"The path of Christian courage is a grace given by the Holy Spirit. There are so many paths that we can take that also give us a certain amount of courage. 'But look at that brave decision he has taken! And look at this one: look how he laid out this plan well, organized things, [bravo]!’ This helps, but it is an instrument of something bigger: the Spirit. If there is no Spirit, we can do many things, much work, but it is not of any use.”

After Easter, added Francis, the Church "prepares us to receive the Holy Spirit." In the “celebration of the mystery of the death and resurrection of Jesus,” he prayed, may we remember “the whole history of salvation" and "ask for the grace to receive the Spirit to give us the true courage to announce Jesus Christ ".

(from Vatican Radio)

http://www.news.va/en/news/francis-evangelize-dont-advertise-speak-frankly

2015-04-11 Vatican Radio

Pope Francis on Saturday afternoon proceeded with the presentation of the official Bull of Indiction of the Extraordinary Jubilee of Mercy, set to begin December 8.

The bull is the fundamental document for the Holy Year that outlines the overall spirit and intentions for the Jubilee, as well as the spiritual fruits that are hoped for.

It was read by Fr Leonardo Sapienza, Regent of the Prefecture of the Pontifical Household, in a ceremony by the Holy Door of St Peter’s Basilica.

Pope Francis then moved into the basilica to preside Vespers for Divine Mercy Sunday.

The 28-page bull, titled “Misericordiae Vultus” or “The Face of Mercy” opens with the declaration, “Jesus is the face of the Father’s mercy. These words might well sum up the mystery of the Christian faith.”

Read report by Laura Ieraci:

In the document, Pope Francis says the Holy Year is “dedicated to living out in our daily lives the mercy” which God “constantly extends to all of us.”

He explains the year will begin on December 8 to commemorate both the feast of the Immaculate Conception and the 50th anniversary of the closing of the Second Vatican Council, which called the Church to proclaim the Gospel to the world in new ways, bringing God’s mercy to everyone.

After the Holy Door of St Peter’s is open on December 8, the Holy Doors of the other papal basilicas will be opened in subsequent days. As well, as a sign of communion of the whole Church, the pope has requested that every diocese in the world open a similar “Door of Mercy” for the local celebrations of the Jubilee.

The document develops three main themes.

First, Pope Francis elaborates the theological understanding of God’s mercy, explaining the role of mercy in the life of people and of the Church, who are both the beneficiaries and the witnesses to God’s mercy in the world.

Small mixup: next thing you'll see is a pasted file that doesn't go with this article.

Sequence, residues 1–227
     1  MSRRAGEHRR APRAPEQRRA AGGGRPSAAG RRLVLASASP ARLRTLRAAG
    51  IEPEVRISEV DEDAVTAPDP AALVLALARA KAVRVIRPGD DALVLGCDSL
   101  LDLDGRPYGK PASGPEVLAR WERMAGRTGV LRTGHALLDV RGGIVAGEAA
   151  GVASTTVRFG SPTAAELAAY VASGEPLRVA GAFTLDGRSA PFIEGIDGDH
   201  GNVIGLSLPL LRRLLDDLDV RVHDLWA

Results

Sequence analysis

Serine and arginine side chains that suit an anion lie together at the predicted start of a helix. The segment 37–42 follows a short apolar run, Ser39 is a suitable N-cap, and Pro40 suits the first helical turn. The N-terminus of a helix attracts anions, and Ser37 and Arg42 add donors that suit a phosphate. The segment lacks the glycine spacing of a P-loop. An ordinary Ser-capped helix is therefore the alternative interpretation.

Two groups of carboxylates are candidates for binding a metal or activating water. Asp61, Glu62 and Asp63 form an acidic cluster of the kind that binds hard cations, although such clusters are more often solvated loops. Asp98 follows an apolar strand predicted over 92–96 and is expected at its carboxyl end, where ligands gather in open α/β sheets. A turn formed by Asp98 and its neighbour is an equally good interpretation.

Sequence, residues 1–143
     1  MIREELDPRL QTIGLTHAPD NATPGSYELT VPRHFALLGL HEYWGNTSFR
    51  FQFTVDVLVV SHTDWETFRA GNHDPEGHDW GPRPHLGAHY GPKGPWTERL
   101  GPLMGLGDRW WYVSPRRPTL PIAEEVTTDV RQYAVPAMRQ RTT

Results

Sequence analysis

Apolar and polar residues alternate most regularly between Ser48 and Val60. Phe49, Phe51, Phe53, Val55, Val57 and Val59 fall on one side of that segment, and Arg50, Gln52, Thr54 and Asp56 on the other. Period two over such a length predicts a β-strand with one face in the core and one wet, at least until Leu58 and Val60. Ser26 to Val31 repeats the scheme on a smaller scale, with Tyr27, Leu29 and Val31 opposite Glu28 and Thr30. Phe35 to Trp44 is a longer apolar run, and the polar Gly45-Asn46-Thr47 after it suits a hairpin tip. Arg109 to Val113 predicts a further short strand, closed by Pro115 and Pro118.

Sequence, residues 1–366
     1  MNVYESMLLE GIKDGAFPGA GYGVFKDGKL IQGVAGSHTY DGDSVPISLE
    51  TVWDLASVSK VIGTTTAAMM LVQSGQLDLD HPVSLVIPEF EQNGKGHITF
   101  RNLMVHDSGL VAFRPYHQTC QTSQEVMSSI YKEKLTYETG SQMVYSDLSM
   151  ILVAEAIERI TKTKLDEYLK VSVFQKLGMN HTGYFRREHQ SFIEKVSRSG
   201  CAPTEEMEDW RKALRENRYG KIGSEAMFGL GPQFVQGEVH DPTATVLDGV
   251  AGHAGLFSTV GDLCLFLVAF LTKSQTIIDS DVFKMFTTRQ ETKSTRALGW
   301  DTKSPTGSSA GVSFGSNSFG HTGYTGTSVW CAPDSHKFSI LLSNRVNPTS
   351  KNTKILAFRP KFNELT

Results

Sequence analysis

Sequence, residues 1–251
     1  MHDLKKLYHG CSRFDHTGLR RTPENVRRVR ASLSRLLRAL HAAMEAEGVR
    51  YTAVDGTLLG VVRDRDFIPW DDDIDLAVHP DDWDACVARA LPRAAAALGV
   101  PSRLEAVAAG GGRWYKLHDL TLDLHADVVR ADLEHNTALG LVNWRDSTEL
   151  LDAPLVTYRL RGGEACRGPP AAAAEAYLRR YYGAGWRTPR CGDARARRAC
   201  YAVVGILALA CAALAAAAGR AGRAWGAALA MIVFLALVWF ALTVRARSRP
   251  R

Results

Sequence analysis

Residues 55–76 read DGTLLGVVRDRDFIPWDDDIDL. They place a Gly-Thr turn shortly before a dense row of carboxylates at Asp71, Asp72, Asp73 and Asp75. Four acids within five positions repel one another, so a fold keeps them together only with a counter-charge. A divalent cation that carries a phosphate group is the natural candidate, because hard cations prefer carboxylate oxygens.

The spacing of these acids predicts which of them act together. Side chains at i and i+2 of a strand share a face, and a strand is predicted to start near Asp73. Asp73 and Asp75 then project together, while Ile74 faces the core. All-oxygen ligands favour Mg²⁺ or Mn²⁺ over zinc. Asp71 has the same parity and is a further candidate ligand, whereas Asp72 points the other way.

“The mercy of God is not an abstract idea, but a concrete reality through which he reveals his love as that of a father or a mother, moved to the very depths out of love for their child,” the Pope writes.

“Mercy is the very foundation of the Church’s life,” he continues. “The Church’s very credibility is seen in how she shows merciful and compassionate love.”

He recalls that the motto of the Holy Year is “Merciful like the Father.”

“Wherever the Church is present, the mercy of the Father must be evident,” he writes. “Wherever there are Christians, everyone should find an oasis of mercy.”

(Vatican Radio) 5 April 2015

EASTER URBI ET ORBI MESSAGE to the City and to the World
 

Dear Brothers and Sisters,

Jesus Christ is risen!

Love has triumphed over hatred, life has conquered death, light has dispelled the darkness!

Out of love for us, Jesus Christ stripped himself of his divine glory, emptied himself, took on the form of a slave and humbled himself even to death, death on a cross. For this reason God exalted him and made him Lord of the universe. Jesus is Lord!

By his death and resurrection, Jesus shows everyone the way to life and happiness: this way is humility, which involves humiliation. This is the path which leads to glory. Only those who humble themselves can go towards the “things that are above”, towards God (cf. Col 3:1-4). The proud look “down from above”; the humble look “up from below”.

On Easter morning, alerted by the women, Peter and John ran to the tomb. They found it open and empty. Then they drew near and “bent down” in order to enter it. To enter into the mystery, we need to “bend down”, to abase ourselves. Only those who abase themselves understand the glorification of Jesus and are able to follow him on his way.

The world proposes that we put ourselves forward at all costs, that we compete, that we prevail… But Christians, by the grace of Christ, dead and risen, are the seeds of another humanity, in which we seek to live in service to one another, not to be arrogant, but rather respectful and ready to help.